In the first chapter of his book Data Analysis for Politics and Policy, Yale researcher Edward R. Tufte demonstrates the opportunities as well as the challenges of using data to help inform decisions of public policy. First, Tufte sets forth the various terms and theoretical frameworks he will be using to analyze data. He advocates the use of what he calls a “multivariate analysis” which takes into account several describing variables to understand a problem...

Data visualization, infographic or illustration?

3 minute read , Posted on February 01, 2012, by Carl V. Lewis

Check out this interactive graphic on the rise of Google recently produced by the folks over at OnlinePhD.org. It’s an innovative example of how developers can use a responsive, single-page interface to convey a broad range of chronological information that would otherwise be crammed into a timeline. The interactivity of the graphic compels the user to click through to see what happens next, and provides a more engaging narrative than a simple linear flow would....

Response to Ayres, Norman and Wolfe

12 minute read , Posted on February 01, 2012, by Carl V. Lewis

Response to Ayres and Sweller, “The Split Attention Principle in Multimedia Learning” Paul Ayres and John Sweller apply the split-attention principle to the design of multimedia instruction, asserting that it is “important to avoid formats that require learners to split their attention between, and mentally integrate, multiple sources of information” (135). This assertion is based on the theory of cognitive load, which refers to the amount of information the brain is able to process at any...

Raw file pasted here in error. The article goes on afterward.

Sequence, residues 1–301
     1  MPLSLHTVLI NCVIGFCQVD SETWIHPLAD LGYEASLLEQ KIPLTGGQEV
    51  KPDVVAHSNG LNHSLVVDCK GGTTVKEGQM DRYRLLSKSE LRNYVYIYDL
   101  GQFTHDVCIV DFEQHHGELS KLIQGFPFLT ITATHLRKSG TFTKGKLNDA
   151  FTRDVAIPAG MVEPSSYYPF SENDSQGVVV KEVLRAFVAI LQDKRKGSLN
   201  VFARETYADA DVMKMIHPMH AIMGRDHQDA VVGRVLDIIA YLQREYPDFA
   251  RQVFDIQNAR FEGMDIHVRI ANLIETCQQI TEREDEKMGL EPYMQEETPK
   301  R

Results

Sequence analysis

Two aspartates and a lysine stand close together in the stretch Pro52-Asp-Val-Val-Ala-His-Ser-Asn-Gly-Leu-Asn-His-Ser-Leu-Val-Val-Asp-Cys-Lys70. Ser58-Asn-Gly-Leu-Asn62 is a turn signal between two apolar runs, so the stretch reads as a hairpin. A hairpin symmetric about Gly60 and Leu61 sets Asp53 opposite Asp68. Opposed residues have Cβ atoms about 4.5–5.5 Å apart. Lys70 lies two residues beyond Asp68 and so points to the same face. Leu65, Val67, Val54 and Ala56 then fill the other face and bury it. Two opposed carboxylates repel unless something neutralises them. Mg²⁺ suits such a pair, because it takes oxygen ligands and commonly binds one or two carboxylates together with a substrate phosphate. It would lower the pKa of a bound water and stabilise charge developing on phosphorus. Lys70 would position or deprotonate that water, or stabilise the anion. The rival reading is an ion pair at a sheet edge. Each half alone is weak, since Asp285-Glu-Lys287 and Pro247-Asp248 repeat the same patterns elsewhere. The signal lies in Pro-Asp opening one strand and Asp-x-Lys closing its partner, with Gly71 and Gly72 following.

On Narrow-Minded Conceptions of What Makes One a “Journalist”

10 minute read , Posted on January 25, 2012, by Carl V. Lewis

What constitutes a ‘journalist’ is a semantic debate I’ve had dozens of times, particularly in grad school and in my previous full-time job as “Digital Media Manager” (another vague term) at Savannah Morning News. Outside of professional spheres, though, the general public discourse goes something like this: Random person: So tell me again: Where do you work? Me: At [Insert Publication Name Here]. Random person: ‘Oh, cool! So you’re a reporter. What do you write or...

INTERACTIVE MAP: Bronx unemployment by neighborhood

less than 1 minute read , Posted on January 02, 2012, by Carl V. Lewis

This interactive map displays the 2010 unemployment rates for each Bronx neighborhood. The darker shade green represents a higher rate of unemployment. Click on each neighborhood to see its statistics and poverty rate. SOURCE: 2010 American Community Survey 1-Year Estimates

Kingsbridge neighborhood undergoes Jewish revival

39 minute read , Posted on December 20, 2011, by Carl V. Lewis

A new wave of gentrification taking place in the area near 231st Street west of Broadway has begun to breath fresh life into KingsbridgeΓÇÖs long-declining Jewish community, and may signal a possible reversal to the nearly four decade long trend of Jews leaving the neighborhood for more affluent, outlying suburban areas.

The Bullet-Dodging Priest of the North Bronx

17 minute read , Posted on August 11, 2011, by Carl V. Lewis

Jenik, 67, is the pastor at Our Lady of Refuge Church and School in the north Bronx. Over the past three decades, heΓÇÖs watched his parish slip into the throes of drug and substance abuse at an alarming rate.